A Long-Distance Thank You

Using Skype, mom and son thank beloved surgeon who corrected child's clubfoot a decade ago

A chat on Skype gave a grateful mom a chance to express her thanks and her son an opportunity to talk with his hero, renowned pediatric orthopedic surgeon Michael G. Ehrlich, MD.

The online connection came after Devynn Fagre sent a heartfelt thank-you email to Dr. Ehrlich – a decade after he performed life-changing surgery on her son Gavin Palmer’s clubfoot.

“I was compelled to write to you to let you know there is not a day that goes by that I am not thankful for the work you performed on my child,” Fagre wrote.

“My child can run and walk with his family and friends because of you, and that is a gift that I will cherish forever. When God made you, he had it determined you would work wonders, and you have.”

A Passion for Research

Michael G. Ehrlich, MD, may have stepped down from his post as surgeon-in-chief and chairman of the department of orthopedics at Rhode Island Hospital and The Miriam Hospital, but he is far from retired.


Dr. Erhlich

The Vincent Zecchino Professor Emeritus, Ehrlich is director of orthopedic research at Lifespan and The Warren Alpert Medical School of Brown University. His research interests include limb-lengthening physiology, neuromuscular disorders in children, and degradative enzyme systems in cartilage.

Among current investigations, he is excited about research by Qian Chen, PhD, and Yupeng Chen, PhD, that -- among other things -- uses nanotechnology for growth-plate cartilage repair. Dr. Erhlich said the research shows promise in eliminating dwarfism and combatting post-traumatic arthritis.

The research being done at the Center of Biomedical Research Excellence (COBRE) for Skeletal Health and Repair is representative of the promising investigations being carried out at Lifespan, Dr. Ehrlich said.

Fagre added that her son never tires of hearing her tell about “the great man” who fixed his leg.

During a recent Skype conversation, Gavin was thrilled to say thank you. It was clear that Dr. Ehrlich, now retired from his practice, enjoyed the conversation as well. “Give me a high five,” he said, holding his hand up to the computer screen. “Boom!”

Gavin responded with a high five and a shy smile.

Gavin was treated first in Maine, where he was born, and then by a different physician after the family moved home to Rhode Island. Dr. Ehrlich didn’t examine Gavin’s clubfoot until the child was about a year old.


Gavin with his parents, Adam Palmer and Devynn Fagre.

“His was one of the worst I’d seen … We had a really difficult task on our hands,” said Dr. Ehrlich, then chief of orthopedics at Rhode Island Hospital – including its pediatric division, Hasbro Children’s Hospital – and The Miriam Hospital.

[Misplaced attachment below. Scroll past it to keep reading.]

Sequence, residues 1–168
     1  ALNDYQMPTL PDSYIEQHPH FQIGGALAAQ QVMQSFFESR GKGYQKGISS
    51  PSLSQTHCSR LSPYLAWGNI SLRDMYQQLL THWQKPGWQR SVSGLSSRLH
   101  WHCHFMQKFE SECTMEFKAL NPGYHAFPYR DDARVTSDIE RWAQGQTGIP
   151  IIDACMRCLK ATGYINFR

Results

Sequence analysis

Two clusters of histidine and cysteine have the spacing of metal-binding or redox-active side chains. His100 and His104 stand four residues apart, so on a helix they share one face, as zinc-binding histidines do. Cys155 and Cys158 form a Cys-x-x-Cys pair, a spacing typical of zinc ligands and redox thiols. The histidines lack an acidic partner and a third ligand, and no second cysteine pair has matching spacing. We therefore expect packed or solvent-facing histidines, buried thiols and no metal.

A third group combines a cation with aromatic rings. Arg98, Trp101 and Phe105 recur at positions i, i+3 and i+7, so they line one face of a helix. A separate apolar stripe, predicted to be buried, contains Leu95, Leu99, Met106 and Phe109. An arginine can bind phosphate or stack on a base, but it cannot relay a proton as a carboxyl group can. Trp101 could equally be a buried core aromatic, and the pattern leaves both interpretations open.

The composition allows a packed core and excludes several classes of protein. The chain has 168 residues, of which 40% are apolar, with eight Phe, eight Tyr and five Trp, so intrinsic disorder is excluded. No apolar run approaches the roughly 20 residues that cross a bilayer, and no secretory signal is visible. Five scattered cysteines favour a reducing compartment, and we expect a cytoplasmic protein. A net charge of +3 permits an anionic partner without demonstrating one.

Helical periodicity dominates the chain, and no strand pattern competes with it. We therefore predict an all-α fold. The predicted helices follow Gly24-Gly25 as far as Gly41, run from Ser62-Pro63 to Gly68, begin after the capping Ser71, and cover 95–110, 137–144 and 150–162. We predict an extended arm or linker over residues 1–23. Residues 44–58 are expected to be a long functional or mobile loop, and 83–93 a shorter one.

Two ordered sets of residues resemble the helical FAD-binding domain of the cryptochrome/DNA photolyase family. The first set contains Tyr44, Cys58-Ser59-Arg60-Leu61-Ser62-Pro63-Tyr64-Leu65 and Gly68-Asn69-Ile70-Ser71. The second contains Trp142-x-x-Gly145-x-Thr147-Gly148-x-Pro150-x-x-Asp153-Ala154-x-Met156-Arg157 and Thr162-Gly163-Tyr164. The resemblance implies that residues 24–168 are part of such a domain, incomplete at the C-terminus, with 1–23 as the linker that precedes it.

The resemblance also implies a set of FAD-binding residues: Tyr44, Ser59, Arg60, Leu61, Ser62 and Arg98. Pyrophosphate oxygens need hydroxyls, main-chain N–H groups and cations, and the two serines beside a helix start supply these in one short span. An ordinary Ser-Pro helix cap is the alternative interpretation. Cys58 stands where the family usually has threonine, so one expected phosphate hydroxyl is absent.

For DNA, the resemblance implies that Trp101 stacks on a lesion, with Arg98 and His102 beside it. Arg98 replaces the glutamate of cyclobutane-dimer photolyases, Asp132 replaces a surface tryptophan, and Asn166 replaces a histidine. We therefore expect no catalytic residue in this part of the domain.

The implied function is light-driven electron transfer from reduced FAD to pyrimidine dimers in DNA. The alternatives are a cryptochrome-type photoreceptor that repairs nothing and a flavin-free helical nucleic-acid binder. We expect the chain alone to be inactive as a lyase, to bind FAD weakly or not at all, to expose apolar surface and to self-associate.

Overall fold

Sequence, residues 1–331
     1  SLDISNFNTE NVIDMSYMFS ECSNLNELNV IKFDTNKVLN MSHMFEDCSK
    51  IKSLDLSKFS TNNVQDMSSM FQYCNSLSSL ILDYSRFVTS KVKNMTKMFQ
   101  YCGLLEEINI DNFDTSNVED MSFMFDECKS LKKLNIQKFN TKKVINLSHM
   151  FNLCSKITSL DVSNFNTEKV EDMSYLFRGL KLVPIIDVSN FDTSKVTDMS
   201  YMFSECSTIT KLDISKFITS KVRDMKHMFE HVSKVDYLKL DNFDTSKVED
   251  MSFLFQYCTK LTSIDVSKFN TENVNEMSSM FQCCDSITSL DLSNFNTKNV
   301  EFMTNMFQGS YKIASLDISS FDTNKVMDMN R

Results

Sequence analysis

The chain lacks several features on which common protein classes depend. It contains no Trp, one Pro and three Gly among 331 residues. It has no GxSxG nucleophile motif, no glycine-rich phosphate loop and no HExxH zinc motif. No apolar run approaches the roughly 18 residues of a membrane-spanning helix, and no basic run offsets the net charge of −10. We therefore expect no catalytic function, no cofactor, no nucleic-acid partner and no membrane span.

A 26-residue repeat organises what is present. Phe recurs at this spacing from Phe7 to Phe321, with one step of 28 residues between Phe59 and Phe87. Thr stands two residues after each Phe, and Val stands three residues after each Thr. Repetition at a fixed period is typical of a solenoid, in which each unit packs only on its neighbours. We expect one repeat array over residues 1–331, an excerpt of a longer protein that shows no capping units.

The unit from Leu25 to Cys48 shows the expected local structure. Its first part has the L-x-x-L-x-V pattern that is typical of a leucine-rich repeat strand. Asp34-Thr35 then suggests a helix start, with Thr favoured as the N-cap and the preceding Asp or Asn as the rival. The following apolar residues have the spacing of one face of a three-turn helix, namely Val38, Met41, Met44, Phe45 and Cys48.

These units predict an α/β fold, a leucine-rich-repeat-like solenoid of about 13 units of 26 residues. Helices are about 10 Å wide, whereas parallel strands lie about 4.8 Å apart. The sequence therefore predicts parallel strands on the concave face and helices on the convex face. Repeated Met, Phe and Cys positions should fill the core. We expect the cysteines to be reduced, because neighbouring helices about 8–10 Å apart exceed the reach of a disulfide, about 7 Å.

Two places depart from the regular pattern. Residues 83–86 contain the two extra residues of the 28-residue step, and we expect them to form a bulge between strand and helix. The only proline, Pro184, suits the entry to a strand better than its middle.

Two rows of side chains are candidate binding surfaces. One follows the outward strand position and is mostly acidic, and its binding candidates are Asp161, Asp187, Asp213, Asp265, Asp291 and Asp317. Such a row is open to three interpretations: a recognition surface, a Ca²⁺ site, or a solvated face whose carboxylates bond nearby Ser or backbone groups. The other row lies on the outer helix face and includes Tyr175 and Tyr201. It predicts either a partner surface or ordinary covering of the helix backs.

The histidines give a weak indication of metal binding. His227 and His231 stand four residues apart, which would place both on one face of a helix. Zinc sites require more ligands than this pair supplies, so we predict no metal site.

Ehrlich had developed a new surgical technique for clubfoot, which is a deformity in which an infant's foot is turned inward, often so severely that the bottom faces to the side or even up. About one infant in every 1,000 born will have clubfoot, and it affects boys twice as often as girls.

As Fagre remembers, Dr. Ehrlich told her “your son has a very particular kind of foot. I think I want to take his case.” After further tests, Dr. Ehrlich performed the four-hour operation when Gavin was about 18 months old.

“I will never forget the day you came out of his surgery with a huge grin and told me everything went very well, that you were certain you had straightened his foot,” Fagre said. “My tears just started pouring down my face. To me, it was a huge miracle … like every prayer was answered,” Gavin’s mom recalled in a phone conversation from her home in Parma, Ohio, where she relocated from Rhode Island in January 2016.

Dr. Ehrlich said about 20 percent of children with severe foot deformation require surgery when they cannot be successfully treated with the Ponseti method, which involves a series of casts and braces.

After recovering from his operation, and with physical therapy, two-year-old Gavin began walking without support – a milestone his mother said two doctors had told her he would never achieve.

The 11-year-old, who his mother calls “a funny, funny boy,” is in fifth grade at Hillside Middle School, where his favorite subject is science. Despite living in Ohio now, Gavin still roots for the Red Sox and New England Patriots. About Dr. Ehrlich, he said, “He’s in all my heart.”

Concluding the Skype call, Dr. Ehrlich thanked Fagre again for her letter, and “for letting me see that handsome son of yours, all grown up.”

“Without you,” Fagre said, as Gavin snuggled up to her on the sofa, “our lives would definitely be different than they are now.”